The full series anthology has not been released, however selected episodes of the second season were released on Region 1 DVD in 2006.[6] At least four volumes from the first season were released on VHS from Season 1, including "Ali Baba and the Forty Thieves" as Volume 4.

Award nomination

Year Award Result Category
1961 Primetime Emmy Award Nominated Outstanding Achievement in the Field of Children's Programming

References

  1. ^ Scott, Vernon (1959-01-12). "Shirley's Show Proves to Be Just Too Costly". The Bend Bulletin. Retrieved 2010-05-04. 
  2. ^ Windeler, Robert (1978). The Films of Shirley Temple. New York: Carol Publishing Group. p. 255.  
  3. ^ "Shirley Temple's Storybook". Daytona Beach Morning Journal. 1958-01-11. Retrieved 2010-05-04. 
  4. ^ Wolters, Larry (1958-01-13). "WHERE TO DIAL TODAY". Chicago Tribune. Retrieved 2010-05-04. 
  5. ^ "SHIRLEY TEMPLE TAKES A TV ROLE; Hostess of 'Storybook' Show Will Play Part March 5 -Niven Acquires Script". The New York Times. 1958-02-13. Retrieved 2010-05-04. 
  6. ^ Lambert, David (2006-04-23). "Shirley Temple's Storybook DVD release". tvshowsondvd.com. Retrieved 2009-06-08.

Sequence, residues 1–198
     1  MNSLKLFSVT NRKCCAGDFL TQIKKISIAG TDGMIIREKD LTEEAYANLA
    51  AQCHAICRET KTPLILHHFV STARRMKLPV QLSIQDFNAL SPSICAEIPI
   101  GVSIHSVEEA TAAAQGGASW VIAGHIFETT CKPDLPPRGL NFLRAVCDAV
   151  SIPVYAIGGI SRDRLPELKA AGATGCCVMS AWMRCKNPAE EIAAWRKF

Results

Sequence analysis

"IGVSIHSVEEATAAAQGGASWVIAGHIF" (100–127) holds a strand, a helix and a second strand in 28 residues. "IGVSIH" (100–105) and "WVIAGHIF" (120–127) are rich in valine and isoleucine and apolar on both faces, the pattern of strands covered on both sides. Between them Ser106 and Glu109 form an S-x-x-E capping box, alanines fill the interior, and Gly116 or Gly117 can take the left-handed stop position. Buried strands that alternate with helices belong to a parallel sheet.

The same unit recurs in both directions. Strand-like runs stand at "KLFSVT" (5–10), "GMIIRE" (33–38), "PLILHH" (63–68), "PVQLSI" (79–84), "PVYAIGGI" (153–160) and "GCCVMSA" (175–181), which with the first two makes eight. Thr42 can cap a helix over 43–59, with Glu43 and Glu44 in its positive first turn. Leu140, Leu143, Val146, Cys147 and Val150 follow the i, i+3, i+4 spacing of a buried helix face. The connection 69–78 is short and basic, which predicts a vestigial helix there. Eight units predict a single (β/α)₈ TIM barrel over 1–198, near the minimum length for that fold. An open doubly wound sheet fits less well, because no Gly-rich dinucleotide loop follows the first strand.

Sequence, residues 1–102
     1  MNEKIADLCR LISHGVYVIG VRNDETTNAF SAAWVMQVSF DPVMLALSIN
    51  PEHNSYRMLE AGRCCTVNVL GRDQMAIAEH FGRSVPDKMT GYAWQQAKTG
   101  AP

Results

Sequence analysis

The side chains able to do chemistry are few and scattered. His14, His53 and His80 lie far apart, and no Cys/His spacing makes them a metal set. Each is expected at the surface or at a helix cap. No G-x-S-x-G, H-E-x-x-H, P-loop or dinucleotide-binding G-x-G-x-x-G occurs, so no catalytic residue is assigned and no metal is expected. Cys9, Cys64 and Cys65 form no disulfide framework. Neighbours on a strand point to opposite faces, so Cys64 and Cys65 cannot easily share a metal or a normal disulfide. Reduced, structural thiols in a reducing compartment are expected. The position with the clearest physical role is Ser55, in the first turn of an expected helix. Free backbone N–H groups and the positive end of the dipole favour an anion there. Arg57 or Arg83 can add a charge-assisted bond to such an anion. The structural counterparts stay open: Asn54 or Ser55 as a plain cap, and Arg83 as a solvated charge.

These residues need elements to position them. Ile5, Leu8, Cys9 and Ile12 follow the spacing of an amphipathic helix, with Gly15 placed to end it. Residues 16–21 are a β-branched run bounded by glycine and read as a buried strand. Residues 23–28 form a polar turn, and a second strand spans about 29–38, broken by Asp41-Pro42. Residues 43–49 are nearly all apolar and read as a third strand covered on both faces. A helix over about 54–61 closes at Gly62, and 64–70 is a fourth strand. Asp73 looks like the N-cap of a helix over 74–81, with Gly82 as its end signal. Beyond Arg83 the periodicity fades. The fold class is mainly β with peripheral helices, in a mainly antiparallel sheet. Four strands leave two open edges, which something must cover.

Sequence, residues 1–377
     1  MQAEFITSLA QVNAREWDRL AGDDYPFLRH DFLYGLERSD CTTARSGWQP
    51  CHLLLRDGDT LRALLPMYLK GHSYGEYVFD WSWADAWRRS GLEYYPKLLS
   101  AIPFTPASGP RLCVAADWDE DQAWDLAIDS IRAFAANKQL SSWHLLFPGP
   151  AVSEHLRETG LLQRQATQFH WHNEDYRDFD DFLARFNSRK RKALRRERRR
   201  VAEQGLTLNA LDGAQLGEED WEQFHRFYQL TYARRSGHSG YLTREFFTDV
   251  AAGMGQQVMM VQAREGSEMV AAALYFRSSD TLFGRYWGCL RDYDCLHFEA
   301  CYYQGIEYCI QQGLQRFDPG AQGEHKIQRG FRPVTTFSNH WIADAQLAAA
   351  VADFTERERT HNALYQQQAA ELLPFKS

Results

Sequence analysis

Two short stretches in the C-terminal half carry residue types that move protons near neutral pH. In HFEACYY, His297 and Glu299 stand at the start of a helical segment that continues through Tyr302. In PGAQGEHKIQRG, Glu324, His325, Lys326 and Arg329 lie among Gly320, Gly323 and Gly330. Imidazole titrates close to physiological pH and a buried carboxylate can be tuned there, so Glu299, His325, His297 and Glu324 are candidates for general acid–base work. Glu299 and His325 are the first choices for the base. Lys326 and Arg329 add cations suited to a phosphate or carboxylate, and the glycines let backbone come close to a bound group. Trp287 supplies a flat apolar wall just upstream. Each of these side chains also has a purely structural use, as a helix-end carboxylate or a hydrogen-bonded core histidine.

External links

This article was sourced from Creative Commons Attribution-ShareAlike License; additional terms may apply. World Heritage Encyclopedia content is assembled from numerous content providers, Open Access Publishing, and in compliance with The Fair Access to Science and Technology Research Act (FASTR), Wikimedia Foundation, Inc., Public Library of Science, The Encyclopedia of Life, Open Book Publishers (OBP), PubMed, U.S. National Library of Medicine, National Center for Biotechnology Information, U.S. National Library of Medicine, National Institutes of Health (NIH), U.S. Department of Health & Human Services, and USA.gov, which sources content from all federal, state, local, tribal, and territorial government publication portals (.gov, .mil, .edu). Funding for USA.gov and content contributors is made possible from the U.S. Congress, E-Government Act of 2002.
 
Crowd sourced content that is contributed to World Heritage Encyclopedia is peer reviewed and edited by our editorial staff to ensure quality scholarly research articles.
 
By using this site, you agree to the Terms of Use and Privacy Policy. World Heritage Encyclopedia™ is a registered trademark of the World Public Library Association, a non-profit organization.
 


Copyright © World Library Foundation. All rights reserved. eBooks from Project Gutenberg are sponsored by the World Library Foundation,
a 501c(4) Member's Support Non-Profit Organization, and is NOT affiliated with any governmental agency or department.